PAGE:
Sunday, 6 April 2008

Those Dancing Days interview

Backstage in a tiny box room, Sweden’s next big thing, Those Dancing Days, find time for a chat and a perfect introduction to those who’ve so far skirted the buzz. Their music is oozing with gaiety, and it’s not until you meet them that you become fully aware of their age (currently ranging from 17-19) – and they have no qualms about it. They’re definitely recognisable as individuals, and all have varying quirks in their stage presence, their influences and their personalities, and the best way to understand the excitement is to have a little delve into just what it is that makes them what they are, in between a united cacophony of giggles.

Linnea, she of the crazy hair, mostly takes a bit of coaxing to get anything out of. She’s every inch the Casablancas frontwoman on stage - bug-eyed, shuffly and fancy-free. The youngest of the band, she finishes school in a few months and describes the band as her “inspiration for life”. She’s pensive beyond her years. Cissi the power-drummer is helium-pitched ramble personified; bassist Mimmi appears the studious, sensible one. Guitarist Rebecka provides the jokes, the ditz, the eccentricities and synth princess Lisa may justwell be the crazy one. If it was 1996 and this was for ‘Top Of The Pops’ magazine, they might well be described, respectively, as Unfazed, Exultant, Nerd, Madcap and Goofball. Maybe.

“We were so proud when we got a gig in Stockholm, we were like ‘we’re big now!’” Mimmi and the rest of the band continue to be amazed that they’ve made it to London from their small Swedish suburb. She says they formed Those Dancing Days “to make happy pop music”. And they certainly seem very happy with what they’ve achieved so far. Although they never foresaw the band making it across the water, the decision to write in English was conscious. “It’s more international’, offers Lisa, whilst Rebecka says: “in Swedish it gets a little bit silly”. Linnea, in her soft, slightly nasal tones, on this occasion is free-flowing: “There are few bands who sing in Swedish but if you sing in Swedish you are stuck in Sweden and we didn’t know that we would get the chance to [go international] but we had it somewhere in the back of our minds.”

With so many bands being tipped for great things in 2008, Those Dancing Days could understandably feel like they’re lodged under a rock, trying to spread their name, break into the mainstream, and not let their fans down. But the only pressure they feel is to assuage fears that because they’re a girl band, they can only offer style instead of substance. “It’s not a genre” – Lisa’s right, and it is strange that is even gets a mention. Because when would you read a review beginning with “the all-male five piece…”? It’s a very interesting point, but one which Cissi is all too aware of: “it’s bad because that we’re girls it has to be like some sort of competition”. So whilst they do plan their outfits – Mimmi describing a “summer festival kind of sports theme…we were really good looking!” – it means that they can stick their fingers up (chance’d be a fine thing as butter wouldn’t melt…) at anyone who claims that that’s all they’ve got going for them. “The band is democratic”, pronounces Rebecka.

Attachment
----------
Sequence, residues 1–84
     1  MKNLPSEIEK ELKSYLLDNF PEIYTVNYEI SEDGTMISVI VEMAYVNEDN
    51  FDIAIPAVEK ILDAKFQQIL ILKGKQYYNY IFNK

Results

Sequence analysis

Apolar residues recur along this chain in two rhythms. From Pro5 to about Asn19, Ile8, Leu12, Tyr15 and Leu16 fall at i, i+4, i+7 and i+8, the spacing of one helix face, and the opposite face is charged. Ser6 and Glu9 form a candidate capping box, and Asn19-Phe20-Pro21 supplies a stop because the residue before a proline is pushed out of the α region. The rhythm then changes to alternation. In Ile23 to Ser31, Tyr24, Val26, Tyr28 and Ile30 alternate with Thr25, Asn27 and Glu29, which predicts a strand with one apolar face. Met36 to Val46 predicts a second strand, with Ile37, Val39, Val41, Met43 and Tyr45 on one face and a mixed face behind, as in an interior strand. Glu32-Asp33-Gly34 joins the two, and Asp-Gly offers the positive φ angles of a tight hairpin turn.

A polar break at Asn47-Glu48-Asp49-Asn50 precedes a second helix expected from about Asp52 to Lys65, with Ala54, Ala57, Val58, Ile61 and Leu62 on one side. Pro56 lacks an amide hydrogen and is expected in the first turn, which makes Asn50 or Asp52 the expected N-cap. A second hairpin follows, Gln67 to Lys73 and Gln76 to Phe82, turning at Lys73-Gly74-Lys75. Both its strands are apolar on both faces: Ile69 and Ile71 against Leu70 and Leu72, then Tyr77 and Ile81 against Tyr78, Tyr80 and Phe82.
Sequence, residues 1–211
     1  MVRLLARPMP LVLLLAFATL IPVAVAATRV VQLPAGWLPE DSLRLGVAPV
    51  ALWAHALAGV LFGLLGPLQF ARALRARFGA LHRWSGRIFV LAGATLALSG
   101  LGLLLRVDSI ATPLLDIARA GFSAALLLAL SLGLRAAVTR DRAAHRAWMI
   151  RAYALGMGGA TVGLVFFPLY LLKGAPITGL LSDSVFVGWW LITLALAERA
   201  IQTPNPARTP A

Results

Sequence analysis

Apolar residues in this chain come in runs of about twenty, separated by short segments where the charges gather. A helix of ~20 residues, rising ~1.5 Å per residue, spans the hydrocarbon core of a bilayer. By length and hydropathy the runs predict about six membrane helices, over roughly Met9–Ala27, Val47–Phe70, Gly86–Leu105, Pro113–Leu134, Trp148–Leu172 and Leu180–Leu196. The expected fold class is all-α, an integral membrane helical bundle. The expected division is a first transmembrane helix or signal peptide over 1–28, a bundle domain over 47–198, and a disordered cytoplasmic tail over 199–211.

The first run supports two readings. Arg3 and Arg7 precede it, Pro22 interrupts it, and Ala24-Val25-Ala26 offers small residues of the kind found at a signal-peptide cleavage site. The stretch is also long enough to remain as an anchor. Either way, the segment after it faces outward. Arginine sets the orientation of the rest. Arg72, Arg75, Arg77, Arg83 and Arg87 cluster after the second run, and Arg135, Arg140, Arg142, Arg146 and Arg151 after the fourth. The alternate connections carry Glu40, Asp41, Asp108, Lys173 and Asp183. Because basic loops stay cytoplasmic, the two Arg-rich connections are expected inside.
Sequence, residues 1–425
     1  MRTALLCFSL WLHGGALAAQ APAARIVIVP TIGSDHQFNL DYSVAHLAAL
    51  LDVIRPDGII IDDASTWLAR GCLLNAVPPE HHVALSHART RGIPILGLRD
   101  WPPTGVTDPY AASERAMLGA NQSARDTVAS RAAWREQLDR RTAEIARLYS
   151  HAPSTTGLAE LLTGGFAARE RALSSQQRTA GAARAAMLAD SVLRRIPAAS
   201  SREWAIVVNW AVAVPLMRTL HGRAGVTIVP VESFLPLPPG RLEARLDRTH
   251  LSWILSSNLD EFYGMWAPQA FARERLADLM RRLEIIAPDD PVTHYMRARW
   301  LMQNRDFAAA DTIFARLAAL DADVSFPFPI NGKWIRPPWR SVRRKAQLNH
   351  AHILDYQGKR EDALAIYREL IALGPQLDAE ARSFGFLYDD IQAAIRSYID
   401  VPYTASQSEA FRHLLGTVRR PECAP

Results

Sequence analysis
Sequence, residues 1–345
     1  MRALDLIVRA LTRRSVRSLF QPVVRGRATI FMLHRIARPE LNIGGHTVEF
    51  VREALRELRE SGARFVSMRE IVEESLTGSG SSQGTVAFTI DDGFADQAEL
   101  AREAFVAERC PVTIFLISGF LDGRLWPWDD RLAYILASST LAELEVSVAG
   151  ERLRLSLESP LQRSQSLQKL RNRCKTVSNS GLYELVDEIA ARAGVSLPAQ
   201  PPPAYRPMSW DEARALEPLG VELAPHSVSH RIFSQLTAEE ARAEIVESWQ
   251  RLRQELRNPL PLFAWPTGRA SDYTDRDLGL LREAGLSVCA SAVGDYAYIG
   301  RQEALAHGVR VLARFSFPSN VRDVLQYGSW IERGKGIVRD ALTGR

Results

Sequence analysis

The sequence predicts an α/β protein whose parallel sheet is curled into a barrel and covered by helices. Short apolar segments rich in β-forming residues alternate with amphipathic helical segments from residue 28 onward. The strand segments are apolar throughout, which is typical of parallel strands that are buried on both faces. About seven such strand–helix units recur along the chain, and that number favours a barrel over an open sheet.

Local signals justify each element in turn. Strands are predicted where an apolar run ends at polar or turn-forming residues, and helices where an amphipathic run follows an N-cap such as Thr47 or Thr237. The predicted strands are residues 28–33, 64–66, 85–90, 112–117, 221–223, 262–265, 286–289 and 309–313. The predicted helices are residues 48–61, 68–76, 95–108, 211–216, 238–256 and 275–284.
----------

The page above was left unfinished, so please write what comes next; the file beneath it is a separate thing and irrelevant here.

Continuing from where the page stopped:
“We want to be the female Rolling Stones!” “If people like us now they’ll like us more in a few years because all the time we get so much better so we’re going to be so good in a few years time.” Lisa and Cissi’s ambitions are part-joke, but who knows what the future holds for Those Dancing Days. With only a demo and an EP out there, it’s phenomenal the attraction that the band’s received – the album’s half recorded and the rest will be done in late February. Linnea: “It’s hard to combine [the band] with education. We are still in school, Mimmi and I, and the rest of them work and it’s hard to get some time when you can just be in the studio, focusing.” Their sound engineer is on production duties, and although the songs to be recorded aren’t quite written yet, there’s no rush on what Rebecka describes as “a good mix, the best parts of each person”.